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“And he pitched his tent, with Beth-el on the west and Ai on the east.” (12:8)

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Horav Aharon Kotler, z.l., would often cite Horav Yehudah Leib Fine, z.l., the rav of Slonim, who commented on the way the Torah depicts Avraham Avinu’s travels. The Torah records that Avraham pitched his tent with Beth-el on one side and Ai on the other. These were both large cities. Indeed, Ai even had a sovereign during the period in which Yehoshua conquered it. Avraham’s tent, on the other hand, was of a temporary nature, pitched on the crossroads. One would expect the geographical locus of the tent to be secondary to the major cities, i.e., the tent is located near the cities of Beth-el and Ai. Instead, the Torah writes that the cities were situated on the west and east of the tent, lending greater significance to the tent than to the cities!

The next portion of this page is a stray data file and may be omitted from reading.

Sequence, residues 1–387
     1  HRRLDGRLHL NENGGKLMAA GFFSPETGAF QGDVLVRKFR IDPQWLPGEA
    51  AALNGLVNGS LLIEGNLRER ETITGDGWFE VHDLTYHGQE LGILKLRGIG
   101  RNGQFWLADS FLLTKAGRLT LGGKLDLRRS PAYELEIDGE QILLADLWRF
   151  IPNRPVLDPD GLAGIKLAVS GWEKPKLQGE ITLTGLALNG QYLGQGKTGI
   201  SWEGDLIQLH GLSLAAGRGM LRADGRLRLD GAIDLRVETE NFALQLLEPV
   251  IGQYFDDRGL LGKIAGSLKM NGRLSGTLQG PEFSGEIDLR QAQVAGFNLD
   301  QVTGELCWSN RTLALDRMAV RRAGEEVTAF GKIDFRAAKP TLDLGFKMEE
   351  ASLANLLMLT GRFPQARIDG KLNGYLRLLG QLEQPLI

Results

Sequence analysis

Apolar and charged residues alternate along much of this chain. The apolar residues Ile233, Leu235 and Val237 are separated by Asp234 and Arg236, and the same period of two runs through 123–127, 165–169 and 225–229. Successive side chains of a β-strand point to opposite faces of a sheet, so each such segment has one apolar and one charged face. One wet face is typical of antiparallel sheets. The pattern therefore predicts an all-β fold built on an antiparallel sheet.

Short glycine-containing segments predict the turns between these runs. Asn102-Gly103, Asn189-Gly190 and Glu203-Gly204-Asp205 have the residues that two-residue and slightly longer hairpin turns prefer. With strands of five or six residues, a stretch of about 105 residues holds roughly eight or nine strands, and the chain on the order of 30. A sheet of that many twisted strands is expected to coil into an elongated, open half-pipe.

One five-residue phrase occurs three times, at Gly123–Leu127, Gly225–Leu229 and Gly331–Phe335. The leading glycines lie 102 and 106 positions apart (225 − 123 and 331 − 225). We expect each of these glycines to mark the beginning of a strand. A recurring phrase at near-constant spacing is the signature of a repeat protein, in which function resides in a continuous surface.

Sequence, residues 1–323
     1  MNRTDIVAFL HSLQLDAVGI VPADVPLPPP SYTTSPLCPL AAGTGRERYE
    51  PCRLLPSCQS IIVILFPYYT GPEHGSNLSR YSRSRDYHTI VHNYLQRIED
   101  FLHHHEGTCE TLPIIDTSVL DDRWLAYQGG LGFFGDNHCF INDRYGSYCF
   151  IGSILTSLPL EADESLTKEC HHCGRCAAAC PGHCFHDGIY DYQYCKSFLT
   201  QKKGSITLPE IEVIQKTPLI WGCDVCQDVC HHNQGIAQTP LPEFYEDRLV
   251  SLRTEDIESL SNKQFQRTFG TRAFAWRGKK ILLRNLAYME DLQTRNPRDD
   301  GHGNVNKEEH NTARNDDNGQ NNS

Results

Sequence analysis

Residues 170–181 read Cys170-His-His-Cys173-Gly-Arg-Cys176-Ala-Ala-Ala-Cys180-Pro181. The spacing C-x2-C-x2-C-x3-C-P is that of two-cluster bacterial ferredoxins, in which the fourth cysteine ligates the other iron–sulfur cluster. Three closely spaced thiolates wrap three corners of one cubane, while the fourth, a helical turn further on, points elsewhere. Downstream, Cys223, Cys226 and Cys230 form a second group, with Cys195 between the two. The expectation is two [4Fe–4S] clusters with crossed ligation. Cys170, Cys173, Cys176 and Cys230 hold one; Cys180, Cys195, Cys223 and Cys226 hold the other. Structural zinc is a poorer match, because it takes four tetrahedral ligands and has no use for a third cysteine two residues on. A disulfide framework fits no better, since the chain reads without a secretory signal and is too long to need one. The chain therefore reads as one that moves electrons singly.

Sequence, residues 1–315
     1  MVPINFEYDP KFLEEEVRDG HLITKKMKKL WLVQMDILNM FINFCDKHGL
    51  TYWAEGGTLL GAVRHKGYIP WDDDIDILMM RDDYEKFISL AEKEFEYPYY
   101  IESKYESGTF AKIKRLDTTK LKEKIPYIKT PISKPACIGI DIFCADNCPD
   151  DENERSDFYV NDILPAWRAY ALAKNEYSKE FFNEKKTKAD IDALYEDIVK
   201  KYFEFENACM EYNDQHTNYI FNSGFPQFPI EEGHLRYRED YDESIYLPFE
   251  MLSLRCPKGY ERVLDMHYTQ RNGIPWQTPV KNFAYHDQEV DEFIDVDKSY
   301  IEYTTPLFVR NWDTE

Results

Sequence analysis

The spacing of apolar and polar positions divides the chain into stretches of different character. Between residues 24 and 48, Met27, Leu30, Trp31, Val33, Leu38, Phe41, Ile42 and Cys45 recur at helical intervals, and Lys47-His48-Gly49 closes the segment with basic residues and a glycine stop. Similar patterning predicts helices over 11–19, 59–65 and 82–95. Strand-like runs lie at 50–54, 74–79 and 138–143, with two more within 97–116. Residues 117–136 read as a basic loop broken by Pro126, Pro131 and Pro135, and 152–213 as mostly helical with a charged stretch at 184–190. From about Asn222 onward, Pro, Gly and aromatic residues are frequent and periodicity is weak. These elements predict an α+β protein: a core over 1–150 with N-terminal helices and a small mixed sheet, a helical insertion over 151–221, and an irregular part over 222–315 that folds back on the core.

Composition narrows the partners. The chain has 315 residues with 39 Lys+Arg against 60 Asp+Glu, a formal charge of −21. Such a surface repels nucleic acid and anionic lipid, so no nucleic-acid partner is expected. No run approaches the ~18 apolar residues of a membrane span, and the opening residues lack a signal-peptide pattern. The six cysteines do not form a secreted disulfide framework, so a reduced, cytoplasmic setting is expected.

This teaches us, posits Horav Fine, that the mekomos ha’Torah, places from where Torah is disseminated, constitute the central point, the “heart” of the community, while everything else around them is secondary. Avraham’s tent was the makom Torah; the other cities were only markers that indicated where Avraham’s tent, the “ohel shel Torah,” was located.

The Chafetz Chaim observed how secular maps use symbols, ranging from microscopic dots to stars, in order to identify various cities. Whereas the secular world assesses the prominence of a city commensurate with its population and political import, the Torah map is founded on a different scale. The Torah-learning and mitzvah observance of a given area determines the distinction and significance attributed to it. Hence, a town that might be represented by a miniscule dot on a secular map, may quite possibly be a large, bold blip on the Torah map. The Torah’s guidelines are quite different.

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